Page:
The News of The Blake School Since 1916

The Spectrum

The News of The Blake School Since 1916

The Spectrum

The News of The Blake School Since 1916

The Spectrum

Minneapolis


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Applying to College is too Stressful

A perennial issue engenders embellishment, untruthfulness
There+are+many+components+to+a+college+application%2C+with+some+that+you+can+blow+out+of+proportion+in+your+favor%2C+and+some+that+you+can%E2%80%99t.
John Miller
There are many components to a college application, with some that you can blow out of proportion in your favor, and some that you can’t.

Every year,  seniors complain about high stress levels as they manage their heavy class schedules while applying to colleges.

Only until this year, as a first semester senior, did I actually understand and personally feel this stress.

My stress has consistently been at a high during the past three and a half months; only after submitting my early application have I finally felt my work load lessen slightly.

I know that some of my peers use the high-pressure environment as motivation to get good grades and finish college applications.

But for others, myself included, this pressure leads to unmanageable stress, anxiety, and an unsustainable way of living for a semester.

Why do we put ourselves through this kind of stress? It’s a reflection on our society, our community. Most of us prioritize school over everything else, including sleep, friends, physical and mental health, and taking time to do what we love. Our society tells us that going to a top college is the only way to succeed in life. If we don’t get into a good college, we won’t find a good job, and then we won’t have money.

This mentality can lead to embellishment on college applications. Some laugh over the fact that they embellish their activities and accomplishments in order to seem better qualified for the college.

But what does it mean to be “qualified” for a certain college? Test scores and GPA are large factors, but how else do colleges judge a “good fit?”

If we lie and embellish our accomplishments on college applications, is the college seeing us for who we really are? Where do the lies end?

Parents who basically write their child’s college essay and students who aren’t being truthful to colleges perpetuate the cycle. We justify these actions when we see everyone else doing it too. My uncle thought it was funny that he wrote his daughter’s college essay. This scared me and I didn’t laugh when he told me.

Why has college become such a big deal that people literally lie and cheat to get into a specific school? Does it really matter that much?

I originally succumbed to the high expectations that I held for myself to be perfect in every subject and aspect of life in order to be accepted to my dream school. However, it’s crucial to take a step back from the process to realize that college is not everything.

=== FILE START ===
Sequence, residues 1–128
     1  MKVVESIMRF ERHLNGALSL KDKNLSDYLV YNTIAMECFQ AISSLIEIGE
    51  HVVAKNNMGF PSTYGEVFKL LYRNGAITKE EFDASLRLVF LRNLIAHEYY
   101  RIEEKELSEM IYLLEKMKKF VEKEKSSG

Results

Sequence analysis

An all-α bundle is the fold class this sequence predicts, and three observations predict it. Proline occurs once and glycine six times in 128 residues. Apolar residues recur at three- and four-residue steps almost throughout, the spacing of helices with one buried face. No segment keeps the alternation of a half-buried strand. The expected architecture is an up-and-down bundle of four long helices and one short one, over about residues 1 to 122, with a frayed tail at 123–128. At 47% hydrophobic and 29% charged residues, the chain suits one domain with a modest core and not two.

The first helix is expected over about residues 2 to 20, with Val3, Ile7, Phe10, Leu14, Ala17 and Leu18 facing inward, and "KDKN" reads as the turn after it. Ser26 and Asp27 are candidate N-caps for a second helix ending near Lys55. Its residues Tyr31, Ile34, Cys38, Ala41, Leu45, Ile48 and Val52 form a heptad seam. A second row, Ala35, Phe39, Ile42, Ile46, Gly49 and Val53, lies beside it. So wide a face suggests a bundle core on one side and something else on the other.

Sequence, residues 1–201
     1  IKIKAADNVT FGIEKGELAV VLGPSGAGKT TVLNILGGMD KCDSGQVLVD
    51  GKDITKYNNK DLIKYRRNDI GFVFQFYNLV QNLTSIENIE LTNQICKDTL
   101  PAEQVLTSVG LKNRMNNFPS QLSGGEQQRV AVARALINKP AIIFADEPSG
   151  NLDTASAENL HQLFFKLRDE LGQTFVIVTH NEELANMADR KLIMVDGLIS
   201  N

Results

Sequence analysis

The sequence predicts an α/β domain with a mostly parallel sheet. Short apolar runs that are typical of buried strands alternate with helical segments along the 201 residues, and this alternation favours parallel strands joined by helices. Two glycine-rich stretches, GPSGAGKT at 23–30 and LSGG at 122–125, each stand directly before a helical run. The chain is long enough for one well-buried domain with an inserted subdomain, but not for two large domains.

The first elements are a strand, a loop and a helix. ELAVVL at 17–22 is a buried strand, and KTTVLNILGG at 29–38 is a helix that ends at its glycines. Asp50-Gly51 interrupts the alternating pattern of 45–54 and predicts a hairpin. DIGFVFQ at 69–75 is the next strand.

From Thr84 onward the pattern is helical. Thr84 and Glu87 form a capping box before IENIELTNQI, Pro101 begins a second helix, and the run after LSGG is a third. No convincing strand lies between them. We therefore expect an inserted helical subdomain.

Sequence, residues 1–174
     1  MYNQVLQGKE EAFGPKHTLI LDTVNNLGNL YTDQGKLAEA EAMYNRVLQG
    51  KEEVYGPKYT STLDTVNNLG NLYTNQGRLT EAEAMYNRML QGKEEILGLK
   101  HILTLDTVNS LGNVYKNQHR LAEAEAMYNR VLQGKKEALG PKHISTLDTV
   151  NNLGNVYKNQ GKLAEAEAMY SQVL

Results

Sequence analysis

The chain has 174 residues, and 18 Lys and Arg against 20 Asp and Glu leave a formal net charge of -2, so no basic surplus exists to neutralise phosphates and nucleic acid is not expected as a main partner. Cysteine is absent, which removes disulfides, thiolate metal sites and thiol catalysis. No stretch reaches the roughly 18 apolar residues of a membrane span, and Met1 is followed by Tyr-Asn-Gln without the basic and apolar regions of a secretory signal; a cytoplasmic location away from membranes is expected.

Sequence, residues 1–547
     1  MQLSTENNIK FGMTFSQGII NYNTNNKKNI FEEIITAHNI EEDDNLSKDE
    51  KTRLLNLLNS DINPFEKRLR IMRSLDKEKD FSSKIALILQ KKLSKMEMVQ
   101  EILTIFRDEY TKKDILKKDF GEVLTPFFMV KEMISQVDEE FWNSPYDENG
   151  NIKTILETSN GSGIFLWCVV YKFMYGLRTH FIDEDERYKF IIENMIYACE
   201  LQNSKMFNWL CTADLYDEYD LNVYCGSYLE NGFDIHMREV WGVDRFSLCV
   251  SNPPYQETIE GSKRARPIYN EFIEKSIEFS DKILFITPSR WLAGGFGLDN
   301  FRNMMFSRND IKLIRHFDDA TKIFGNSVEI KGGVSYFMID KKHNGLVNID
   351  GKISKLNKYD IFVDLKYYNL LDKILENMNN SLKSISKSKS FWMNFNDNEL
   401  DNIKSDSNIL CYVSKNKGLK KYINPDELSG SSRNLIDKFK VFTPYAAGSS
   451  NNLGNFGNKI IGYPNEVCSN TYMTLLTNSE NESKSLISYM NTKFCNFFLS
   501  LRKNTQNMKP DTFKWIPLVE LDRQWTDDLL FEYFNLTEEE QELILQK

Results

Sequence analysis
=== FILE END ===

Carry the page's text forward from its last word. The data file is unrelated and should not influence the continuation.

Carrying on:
Honestly, it doesn’t matter what college you’re accepted or not accepted to. It’s hard to tell students to spend more time doing the things that makes them happy. I know I didn’t follow this advice or mentality throughout high school.

If I had stuck with my passions at an earlier age, rather than dropping everything to get As, I would know what makes me happy and be able to pursue it throughout college and life beyond.

Lying on college applications will not serve you well. If a college denies you, accept that it’s not a good place for you because why would you want to spend four years at a school that doesn’t want you. It sounds harsh, but it’s the truth. Stop prioritizing school over your mental wellness for the sake of getting into a “good” college.

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About the Contributors
Anneliese Moore
Anneliese Moore, Editor Emeritus
Anneliese is currently an Editor Emeritus. She has been an editor since the fall of her Sophomore year. Previously, Anneliese was the editor of Front and InDepth and her first year she edited Opinions. She loves writing and designing pages, as well as being on the Spectrum staff.
John Miller
John Miller, Editor Emeritus
John has been a Spectrum Editor since the spring semester of his sophomore year. He is a proud member of the great class of 2016. John does not actually know how he ended up working at Spectrum, Maxine Whitely (Editor-in-Chief) randomly started talking at him and he somehow found himself to be editing a News page with the lovely Alexis Reaves. John was talked into becoming Spectrum's Business Manager and his only current hobby consists of making the paper money. Other tasks that John amuses himself with: Soccer, Lacrosse, Model UN, Robotics, reading, playing video games and simply hanging out with friends.

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